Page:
With ten minutes to go, they whisk us back to their first song, the irresistible That Girl, and forward again to Killed by Love from new album Atomic Generation, which proves as impressive as anything they’ve written. Overland seems quite overwhelmed by the enthusiastic audience response as they take their bow. No doubt about it: FM remain a class act and one of the UK’s most undervalued bands.
“I have to follow that guy?” quips Dan Reed of the finest singer on the bill. It’s the first night of the tour and all the bands appear to be checking one another out. The Dan Reed Network might be of a similar vintage to FM, but they offer something completely different: genre-bending funk-rock that was originally marketed as Prince for Bon Jovi fans – a sound that would assist even the most hardcore metalheads to find their dancing feet. The Nile Rodgers-produced Slam album was their most potent synthesis of these two elements, but struggled to make any chart headway. Unhappy Dan later shaved his head and ran away to commune with the Dalai Lama.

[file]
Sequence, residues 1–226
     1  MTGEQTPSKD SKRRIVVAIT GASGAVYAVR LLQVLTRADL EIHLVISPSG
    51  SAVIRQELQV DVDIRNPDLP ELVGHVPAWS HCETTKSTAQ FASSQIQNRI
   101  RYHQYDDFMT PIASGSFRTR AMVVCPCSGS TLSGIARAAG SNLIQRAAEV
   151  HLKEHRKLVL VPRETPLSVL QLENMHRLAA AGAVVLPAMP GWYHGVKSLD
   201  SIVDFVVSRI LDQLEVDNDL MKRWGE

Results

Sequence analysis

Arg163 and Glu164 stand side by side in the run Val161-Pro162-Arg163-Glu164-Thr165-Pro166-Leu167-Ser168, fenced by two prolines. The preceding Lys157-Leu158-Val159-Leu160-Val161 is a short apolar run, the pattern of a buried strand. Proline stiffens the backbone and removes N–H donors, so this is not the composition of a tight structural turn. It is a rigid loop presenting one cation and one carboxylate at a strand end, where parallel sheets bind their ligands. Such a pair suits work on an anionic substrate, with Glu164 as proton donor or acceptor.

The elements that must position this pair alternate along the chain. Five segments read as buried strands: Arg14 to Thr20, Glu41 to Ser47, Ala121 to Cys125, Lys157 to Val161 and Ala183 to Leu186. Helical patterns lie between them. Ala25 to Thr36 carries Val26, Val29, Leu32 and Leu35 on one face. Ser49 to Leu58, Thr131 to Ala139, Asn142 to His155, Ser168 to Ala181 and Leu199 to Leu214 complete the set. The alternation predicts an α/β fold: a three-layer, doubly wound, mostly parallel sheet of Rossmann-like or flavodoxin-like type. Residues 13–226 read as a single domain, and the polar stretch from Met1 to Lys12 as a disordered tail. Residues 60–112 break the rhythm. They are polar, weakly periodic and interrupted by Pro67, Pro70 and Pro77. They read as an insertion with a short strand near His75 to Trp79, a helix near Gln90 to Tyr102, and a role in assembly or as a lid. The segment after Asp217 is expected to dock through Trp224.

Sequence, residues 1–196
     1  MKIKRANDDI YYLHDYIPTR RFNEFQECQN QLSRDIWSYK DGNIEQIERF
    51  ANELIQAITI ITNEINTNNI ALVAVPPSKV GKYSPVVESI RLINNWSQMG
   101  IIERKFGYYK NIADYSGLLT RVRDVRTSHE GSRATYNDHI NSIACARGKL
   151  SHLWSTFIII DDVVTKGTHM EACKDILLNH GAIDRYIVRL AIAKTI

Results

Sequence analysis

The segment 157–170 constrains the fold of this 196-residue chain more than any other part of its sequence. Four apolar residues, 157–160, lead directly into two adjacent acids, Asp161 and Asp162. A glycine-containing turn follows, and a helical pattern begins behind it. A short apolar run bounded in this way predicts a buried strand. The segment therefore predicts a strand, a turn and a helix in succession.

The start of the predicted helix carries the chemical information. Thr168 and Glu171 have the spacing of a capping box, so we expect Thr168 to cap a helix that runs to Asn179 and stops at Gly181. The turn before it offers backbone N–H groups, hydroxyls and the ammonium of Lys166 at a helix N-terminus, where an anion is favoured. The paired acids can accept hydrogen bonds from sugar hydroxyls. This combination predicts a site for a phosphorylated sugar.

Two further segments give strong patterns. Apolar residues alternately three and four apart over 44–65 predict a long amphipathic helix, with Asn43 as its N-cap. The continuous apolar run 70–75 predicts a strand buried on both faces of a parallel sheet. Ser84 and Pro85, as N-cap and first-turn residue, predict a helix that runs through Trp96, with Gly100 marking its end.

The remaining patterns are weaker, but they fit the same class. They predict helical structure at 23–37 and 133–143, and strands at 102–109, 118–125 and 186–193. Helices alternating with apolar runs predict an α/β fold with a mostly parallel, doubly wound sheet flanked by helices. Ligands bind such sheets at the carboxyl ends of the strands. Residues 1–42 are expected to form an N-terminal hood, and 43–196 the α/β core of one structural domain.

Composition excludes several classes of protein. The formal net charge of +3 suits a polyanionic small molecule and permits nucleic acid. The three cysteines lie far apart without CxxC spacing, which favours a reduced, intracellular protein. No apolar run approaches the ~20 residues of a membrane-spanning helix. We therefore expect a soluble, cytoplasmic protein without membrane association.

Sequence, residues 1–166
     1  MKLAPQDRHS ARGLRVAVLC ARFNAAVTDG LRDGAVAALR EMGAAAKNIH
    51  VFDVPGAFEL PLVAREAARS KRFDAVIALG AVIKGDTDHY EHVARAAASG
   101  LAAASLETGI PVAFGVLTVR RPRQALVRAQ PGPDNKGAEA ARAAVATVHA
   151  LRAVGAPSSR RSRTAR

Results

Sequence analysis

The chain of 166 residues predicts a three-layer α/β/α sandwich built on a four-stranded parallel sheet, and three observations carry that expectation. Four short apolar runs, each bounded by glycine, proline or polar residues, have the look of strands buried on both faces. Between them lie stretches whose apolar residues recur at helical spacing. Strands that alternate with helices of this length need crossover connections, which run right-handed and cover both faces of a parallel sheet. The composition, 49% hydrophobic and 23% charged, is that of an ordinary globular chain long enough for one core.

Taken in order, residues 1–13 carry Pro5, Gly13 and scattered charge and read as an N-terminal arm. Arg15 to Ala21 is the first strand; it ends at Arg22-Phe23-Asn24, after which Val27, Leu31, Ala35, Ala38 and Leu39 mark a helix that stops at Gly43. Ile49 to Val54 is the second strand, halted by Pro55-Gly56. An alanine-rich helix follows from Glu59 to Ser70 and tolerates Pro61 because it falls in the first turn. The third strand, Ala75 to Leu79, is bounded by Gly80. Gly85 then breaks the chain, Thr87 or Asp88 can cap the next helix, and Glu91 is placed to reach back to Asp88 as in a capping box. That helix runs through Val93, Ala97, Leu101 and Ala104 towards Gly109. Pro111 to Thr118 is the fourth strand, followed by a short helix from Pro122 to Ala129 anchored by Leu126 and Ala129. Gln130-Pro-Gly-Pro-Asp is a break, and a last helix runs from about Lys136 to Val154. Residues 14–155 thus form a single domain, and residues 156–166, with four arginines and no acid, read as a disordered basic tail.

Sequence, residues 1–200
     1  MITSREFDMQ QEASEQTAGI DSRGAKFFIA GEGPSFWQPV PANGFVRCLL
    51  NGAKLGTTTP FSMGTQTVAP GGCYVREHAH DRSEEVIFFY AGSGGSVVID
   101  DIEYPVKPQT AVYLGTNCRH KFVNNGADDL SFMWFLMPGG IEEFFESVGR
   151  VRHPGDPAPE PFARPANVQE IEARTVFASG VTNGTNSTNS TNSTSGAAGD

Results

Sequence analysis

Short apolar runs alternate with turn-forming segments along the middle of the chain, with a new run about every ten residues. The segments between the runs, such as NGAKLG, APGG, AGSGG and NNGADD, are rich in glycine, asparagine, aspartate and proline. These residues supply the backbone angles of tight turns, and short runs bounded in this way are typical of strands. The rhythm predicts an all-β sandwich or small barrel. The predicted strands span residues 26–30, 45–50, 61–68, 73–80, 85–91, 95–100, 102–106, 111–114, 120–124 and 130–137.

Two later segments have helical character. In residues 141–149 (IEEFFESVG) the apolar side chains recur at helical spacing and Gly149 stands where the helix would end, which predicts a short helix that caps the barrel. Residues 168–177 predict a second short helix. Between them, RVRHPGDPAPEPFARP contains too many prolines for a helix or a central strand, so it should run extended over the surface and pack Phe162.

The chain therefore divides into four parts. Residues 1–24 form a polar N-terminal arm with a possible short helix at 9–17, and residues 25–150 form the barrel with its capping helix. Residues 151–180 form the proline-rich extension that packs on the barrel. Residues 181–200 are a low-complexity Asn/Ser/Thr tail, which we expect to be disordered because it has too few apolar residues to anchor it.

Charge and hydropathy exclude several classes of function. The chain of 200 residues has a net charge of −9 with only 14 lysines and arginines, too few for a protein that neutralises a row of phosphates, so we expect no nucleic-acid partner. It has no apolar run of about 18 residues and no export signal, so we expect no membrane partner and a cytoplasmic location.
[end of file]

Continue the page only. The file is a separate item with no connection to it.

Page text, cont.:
These days, the striking thing about rock’s smiliest Buddhist is just how much fun he’s having up there on stage now that he’s relieved of the pressure to play the corporate rock game. If there was a prize for the band who contribute the most energetic show to this tour, The Network would surely snaffle it.
After they re-formed, Dan resisted playing songs like Tiger in a Dress for years because that was no longer where his head was at. Tonight, he throws himself into it, bounding into the photo pit as he conducts the audience singalong. It helps that but for new-ish keyboard player Rob Daiker (their fourth), the Network’s original line-up are still together.
Dreadlocked Brion James is not only a great guitarist but also a fine singer, while Melvin Brannon II’s big, beefy, gut-punching bass is unshackled from that ’80s studio sheen in consort with Dan Pred’s drumming to produce as bouncy a funk rhythm section as you’ll experience anywhere.